The most famous of the two myths relates to the birth of the goddess Aphrodite, whose cult had a long tradition on the island. According to the Homeric version, at this point Saturn threw down the genitals Uranus after killing him first to take the throne. From his cut member, the goddess of beauty emerged amidst the foam of the waves, which also took the names of Kyprida or Kyprogenniti (Cyprus-born) and Paphia. From the coast of Paphos the Ores took her, dressed her in beautiful clothes and ornaments, and drove her to Olympus to take her place among the gods.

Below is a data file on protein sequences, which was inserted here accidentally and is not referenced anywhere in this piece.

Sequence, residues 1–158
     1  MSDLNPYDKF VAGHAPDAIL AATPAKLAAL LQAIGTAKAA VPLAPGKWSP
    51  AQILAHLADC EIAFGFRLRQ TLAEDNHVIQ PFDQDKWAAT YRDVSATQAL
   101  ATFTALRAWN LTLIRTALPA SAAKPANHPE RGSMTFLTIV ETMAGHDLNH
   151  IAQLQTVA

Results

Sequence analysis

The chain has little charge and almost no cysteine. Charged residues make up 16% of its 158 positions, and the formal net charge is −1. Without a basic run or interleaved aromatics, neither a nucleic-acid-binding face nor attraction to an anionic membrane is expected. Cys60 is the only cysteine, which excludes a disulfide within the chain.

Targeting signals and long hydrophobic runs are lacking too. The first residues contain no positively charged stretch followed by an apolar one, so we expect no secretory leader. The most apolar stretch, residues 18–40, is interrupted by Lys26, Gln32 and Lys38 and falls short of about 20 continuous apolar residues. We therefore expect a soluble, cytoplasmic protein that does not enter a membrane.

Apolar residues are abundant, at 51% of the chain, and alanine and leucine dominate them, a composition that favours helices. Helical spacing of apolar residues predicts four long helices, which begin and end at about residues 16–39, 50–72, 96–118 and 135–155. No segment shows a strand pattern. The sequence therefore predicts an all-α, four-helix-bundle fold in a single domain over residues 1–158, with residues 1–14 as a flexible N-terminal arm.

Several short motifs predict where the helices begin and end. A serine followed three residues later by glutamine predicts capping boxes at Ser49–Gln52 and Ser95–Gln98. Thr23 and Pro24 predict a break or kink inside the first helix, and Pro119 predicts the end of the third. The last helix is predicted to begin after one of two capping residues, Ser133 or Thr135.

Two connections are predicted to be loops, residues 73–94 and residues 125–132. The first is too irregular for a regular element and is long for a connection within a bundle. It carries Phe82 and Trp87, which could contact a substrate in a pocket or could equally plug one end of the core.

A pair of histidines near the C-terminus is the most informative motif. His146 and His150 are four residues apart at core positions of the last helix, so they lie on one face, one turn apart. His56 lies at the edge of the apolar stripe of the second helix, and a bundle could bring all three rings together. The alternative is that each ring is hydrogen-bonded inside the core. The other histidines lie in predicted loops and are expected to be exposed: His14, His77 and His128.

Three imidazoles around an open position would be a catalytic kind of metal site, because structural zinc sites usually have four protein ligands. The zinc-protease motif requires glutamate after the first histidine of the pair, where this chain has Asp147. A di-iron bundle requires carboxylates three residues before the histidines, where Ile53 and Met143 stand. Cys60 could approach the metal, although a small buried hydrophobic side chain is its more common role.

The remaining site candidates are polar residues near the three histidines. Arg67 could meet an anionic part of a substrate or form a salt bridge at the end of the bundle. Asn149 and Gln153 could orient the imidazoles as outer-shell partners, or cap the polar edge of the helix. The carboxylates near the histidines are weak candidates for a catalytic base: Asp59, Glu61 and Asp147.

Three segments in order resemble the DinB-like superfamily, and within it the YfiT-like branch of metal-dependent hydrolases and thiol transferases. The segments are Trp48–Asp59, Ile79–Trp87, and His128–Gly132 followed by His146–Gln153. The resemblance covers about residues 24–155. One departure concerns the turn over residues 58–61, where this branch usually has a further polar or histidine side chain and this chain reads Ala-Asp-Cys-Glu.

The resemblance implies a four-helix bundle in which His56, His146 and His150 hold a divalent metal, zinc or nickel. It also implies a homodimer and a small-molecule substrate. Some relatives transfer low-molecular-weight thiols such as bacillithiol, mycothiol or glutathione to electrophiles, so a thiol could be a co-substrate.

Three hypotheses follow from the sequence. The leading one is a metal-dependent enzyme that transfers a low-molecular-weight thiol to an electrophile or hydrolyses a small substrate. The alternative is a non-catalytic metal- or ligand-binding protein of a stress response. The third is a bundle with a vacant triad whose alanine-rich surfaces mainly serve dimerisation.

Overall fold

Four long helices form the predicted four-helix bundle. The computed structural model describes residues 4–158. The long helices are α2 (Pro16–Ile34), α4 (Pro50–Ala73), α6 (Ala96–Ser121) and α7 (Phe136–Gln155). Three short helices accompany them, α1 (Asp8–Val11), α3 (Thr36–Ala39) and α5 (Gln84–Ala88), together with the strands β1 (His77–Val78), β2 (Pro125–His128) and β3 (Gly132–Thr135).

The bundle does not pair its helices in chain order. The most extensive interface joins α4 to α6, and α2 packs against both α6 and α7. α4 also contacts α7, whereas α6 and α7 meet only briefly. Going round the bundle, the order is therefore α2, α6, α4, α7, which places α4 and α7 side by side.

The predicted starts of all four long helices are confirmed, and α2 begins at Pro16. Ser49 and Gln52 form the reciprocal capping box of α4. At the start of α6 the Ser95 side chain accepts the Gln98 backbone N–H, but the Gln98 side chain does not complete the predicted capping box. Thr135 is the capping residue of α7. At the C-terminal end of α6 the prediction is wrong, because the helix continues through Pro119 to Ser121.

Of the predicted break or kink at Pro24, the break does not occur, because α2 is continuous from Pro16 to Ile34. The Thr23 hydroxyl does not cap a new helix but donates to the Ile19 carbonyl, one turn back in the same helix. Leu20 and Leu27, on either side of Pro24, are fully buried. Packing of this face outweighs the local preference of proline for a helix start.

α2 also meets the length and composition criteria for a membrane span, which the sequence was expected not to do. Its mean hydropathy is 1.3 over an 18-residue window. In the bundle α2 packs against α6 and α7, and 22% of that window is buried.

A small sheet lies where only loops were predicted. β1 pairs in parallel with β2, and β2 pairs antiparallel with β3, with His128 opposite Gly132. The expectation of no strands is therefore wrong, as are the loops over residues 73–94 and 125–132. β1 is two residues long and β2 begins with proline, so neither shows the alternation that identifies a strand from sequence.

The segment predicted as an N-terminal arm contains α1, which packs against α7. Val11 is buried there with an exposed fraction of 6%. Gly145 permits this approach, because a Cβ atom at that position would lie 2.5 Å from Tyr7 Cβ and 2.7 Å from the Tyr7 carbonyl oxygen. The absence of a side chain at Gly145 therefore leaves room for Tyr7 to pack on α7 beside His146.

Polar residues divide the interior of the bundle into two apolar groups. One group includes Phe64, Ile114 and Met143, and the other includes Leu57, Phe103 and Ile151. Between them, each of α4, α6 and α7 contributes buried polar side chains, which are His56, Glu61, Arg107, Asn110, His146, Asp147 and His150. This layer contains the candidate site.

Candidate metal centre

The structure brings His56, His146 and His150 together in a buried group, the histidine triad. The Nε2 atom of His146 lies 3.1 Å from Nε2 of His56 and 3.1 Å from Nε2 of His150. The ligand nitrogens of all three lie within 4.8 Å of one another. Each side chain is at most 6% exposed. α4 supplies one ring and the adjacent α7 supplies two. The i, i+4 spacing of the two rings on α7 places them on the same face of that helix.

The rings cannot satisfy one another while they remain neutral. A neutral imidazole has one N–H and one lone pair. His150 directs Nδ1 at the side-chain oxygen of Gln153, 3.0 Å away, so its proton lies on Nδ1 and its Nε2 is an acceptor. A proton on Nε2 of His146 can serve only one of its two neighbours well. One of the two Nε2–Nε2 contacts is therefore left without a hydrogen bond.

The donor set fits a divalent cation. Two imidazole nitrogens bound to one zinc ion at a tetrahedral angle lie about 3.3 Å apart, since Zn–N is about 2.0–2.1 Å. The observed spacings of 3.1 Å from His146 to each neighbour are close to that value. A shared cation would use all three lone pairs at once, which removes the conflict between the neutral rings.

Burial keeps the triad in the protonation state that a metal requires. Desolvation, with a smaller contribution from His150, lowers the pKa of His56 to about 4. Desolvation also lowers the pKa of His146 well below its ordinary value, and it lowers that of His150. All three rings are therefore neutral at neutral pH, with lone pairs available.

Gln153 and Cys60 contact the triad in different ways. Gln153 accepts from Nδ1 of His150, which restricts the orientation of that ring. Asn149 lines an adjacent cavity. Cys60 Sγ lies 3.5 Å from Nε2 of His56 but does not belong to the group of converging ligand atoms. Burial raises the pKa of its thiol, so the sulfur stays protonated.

Regarding the second legend, it is preserved today in small variants and is associated with Digenis Akritas, which gave rise to the name Petra tou Romiou. This Byzantine mythical hero with superhuman powers was traditionally the fear and terror of the Saracens who ravaged the settlements of the island with their predatory raids. So it is said that the huge ‘stone’ we see today came to this point, when Digenis once seized it from Mt. Pentadaktylos and tossed it targeting Saracens ships near Paphos.